The Freedom of Acceptance

Acceptance creates possibilities because you do not waste your time and energy on what you cannot impact. Effectively, instead of continuing to play tug-of-war, with a problem, negative personality or self sabotaging thoughts, you simply drop the rope.

Yes, just let go of the rope.

Now you have two hands free to put to work more usefully say on what matters to you most. Instead of looking towards or into the gaping pit of doom you can look elsewhere, to the things that are important but urgent, those things that have the greatest return on investment if you would spend some focused time on them.

Your mental and emotional reserves are not being siphoned off, rather you can restore them to full levels. Now you can resist the distractions that clutter up your day, mind and desk. You can ignore the siren’s call of “as soon as”. You can stop fretting about the past and worrying about the future. You live in the present.

To make the most of the power and possibilities of acceptance you must know what matters to you most.

  • So what is so precious to you that it stirs up an intense emotion?
  • What is underneath that emotion, a basic need such as security, love, recognition, status or value?
  • How important is it for you to let go of the rope and turn towards a more compelling possibility?

Evasiveness Has No Useful Role

Acceptance is not only about the present. It is also about the past. We all play the roles we assume early in life. Some are healthy and give us focus, like the person who dreams of becoming a dancer and then does what it takes in a life-nurturing way to realize the dream. Some roles are not so healthy like deciding early on you “don’t want to work that hard” and therefore default to playing the victim when life becomes difficult.

Deciding to act a different way, to take on a new healthy role is a product of acceptance. Taking the easy way out is a tough habit to break, especially because evasiveness sometimes works. It is a habit that begins in a childhood as a way to undermine authority and avoid responsibility for our actions. Maturity and acceptance is marked by honesty and taking responsibility.  You could argue the purpose of authority is to outgrow the need for it.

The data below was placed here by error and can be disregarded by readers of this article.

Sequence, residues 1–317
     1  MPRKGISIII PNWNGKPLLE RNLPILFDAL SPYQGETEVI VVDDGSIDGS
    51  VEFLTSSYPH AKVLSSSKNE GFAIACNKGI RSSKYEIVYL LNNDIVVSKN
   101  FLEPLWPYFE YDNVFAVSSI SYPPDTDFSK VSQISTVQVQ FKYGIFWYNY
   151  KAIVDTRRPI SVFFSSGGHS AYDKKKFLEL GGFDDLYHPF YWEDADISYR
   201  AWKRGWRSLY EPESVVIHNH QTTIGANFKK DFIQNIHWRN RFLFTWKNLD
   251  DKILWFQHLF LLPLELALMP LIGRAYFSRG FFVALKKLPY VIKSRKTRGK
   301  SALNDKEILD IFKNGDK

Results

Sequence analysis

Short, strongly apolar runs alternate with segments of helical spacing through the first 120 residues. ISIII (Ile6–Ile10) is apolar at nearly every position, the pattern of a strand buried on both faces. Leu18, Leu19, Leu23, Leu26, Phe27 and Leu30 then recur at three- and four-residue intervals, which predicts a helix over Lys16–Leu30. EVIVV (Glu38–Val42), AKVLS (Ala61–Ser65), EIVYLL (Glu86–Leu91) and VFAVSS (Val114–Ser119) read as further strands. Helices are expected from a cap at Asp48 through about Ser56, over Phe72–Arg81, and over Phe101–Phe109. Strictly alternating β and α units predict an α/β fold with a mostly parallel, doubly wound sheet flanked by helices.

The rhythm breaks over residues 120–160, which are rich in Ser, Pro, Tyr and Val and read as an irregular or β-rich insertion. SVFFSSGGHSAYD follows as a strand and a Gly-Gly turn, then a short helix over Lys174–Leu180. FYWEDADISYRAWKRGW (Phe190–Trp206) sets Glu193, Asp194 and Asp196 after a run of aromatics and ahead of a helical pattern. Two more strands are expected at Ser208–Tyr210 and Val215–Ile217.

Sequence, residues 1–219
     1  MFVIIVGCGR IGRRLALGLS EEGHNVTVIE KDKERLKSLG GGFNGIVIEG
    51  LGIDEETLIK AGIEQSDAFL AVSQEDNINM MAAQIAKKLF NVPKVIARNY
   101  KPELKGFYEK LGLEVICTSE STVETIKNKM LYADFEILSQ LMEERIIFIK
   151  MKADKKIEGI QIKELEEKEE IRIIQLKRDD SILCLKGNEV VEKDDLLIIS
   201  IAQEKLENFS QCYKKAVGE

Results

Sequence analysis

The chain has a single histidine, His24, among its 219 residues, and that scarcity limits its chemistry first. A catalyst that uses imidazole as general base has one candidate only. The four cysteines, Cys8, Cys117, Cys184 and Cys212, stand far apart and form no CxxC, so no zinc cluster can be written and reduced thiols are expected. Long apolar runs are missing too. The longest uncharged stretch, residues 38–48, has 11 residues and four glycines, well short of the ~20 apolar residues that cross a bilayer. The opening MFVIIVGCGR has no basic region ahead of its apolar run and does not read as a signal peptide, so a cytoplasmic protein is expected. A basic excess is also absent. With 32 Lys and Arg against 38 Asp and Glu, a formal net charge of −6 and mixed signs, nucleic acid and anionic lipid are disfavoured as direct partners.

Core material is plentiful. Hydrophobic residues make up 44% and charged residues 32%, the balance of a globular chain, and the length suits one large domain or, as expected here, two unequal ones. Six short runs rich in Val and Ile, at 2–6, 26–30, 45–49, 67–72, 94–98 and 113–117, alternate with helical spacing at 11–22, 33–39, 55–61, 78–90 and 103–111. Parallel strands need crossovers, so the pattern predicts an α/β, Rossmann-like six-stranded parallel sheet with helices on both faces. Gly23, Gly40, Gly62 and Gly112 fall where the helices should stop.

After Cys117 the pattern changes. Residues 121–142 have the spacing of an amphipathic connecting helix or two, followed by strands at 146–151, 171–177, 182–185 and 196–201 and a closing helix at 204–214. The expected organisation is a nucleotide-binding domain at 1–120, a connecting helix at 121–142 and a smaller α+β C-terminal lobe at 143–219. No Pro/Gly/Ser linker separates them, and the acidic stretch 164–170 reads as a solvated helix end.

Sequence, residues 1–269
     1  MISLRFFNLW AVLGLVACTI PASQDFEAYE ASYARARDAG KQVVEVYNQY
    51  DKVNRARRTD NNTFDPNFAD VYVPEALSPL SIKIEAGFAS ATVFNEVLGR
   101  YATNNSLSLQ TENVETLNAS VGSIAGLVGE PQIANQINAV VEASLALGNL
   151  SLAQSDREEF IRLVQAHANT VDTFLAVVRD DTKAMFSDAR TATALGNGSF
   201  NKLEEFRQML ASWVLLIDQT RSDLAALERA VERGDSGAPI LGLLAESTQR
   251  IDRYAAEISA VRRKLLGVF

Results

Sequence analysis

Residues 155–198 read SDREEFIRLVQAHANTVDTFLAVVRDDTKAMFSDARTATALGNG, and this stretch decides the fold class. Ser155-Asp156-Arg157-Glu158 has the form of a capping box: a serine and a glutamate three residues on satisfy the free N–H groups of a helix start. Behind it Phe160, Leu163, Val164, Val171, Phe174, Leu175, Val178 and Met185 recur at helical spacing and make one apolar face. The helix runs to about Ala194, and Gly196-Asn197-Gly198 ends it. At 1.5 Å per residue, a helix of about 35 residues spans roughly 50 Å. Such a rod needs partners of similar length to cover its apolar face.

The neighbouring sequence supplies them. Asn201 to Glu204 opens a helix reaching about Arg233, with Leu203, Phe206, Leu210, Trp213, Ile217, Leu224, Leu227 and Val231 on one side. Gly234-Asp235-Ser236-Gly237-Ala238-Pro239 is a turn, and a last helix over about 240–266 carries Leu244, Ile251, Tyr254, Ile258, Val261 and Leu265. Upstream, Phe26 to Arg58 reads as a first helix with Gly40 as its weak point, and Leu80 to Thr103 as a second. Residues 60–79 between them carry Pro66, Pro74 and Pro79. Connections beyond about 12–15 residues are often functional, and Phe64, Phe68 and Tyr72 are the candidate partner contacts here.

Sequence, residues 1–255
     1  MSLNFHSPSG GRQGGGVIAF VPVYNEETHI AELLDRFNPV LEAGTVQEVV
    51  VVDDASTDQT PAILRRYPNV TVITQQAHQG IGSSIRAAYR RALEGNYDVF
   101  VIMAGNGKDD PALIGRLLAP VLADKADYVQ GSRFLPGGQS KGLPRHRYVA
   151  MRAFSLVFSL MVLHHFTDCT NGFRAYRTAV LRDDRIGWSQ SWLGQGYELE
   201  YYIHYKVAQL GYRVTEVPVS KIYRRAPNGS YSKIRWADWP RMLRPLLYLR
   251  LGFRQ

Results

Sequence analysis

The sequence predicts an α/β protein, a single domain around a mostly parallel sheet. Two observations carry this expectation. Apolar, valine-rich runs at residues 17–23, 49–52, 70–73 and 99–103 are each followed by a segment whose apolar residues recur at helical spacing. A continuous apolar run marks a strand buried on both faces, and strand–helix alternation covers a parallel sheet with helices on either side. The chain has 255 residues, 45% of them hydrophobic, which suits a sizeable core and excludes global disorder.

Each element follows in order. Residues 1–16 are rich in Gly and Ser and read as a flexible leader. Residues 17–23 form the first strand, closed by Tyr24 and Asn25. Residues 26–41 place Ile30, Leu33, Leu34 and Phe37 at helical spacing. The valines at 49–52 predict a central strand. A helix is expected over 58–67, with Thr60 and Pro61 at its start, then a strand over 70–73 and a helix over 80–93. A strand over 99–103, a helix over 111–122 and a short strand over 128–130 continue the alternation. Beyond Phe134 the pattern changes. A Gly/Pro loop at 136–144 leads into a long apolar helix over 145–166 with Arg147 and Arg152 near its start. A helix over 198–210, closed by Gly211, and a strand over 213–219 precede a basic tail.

Being a chameleon works in the short-term but eventually the truth always comes out. It is true that we become vulnerable to criticism and rejection when we are honest. It is also true that the more we become attuned to our instincts and know what to say when, to whom and how.  Self-acceptance and flexibility of mind accelerates your growth and understanding. Holding on to the past because we think it is the only way to live means you will miss golden opportunities.

Ask yourself what is my motive for avoiding this?

Am I am holding on to the past? Is this useful?

Am I protecting myself from real danger or from the possible pain of growth?

The Opposite of Control is Not Resolution

The opposite of control is not resolution it is willingness to accept our emotions and reactions to events. Willingness is a decision. Willingness refers to how open you are to experiencing your life, reactions and thoughts as they occur – without trying to manipulate it, avoid it, escape it, or change it. This applies to both the internal experience of your emotions and thoughts and to external experiences, the actions feelings, thoughts and decision of others.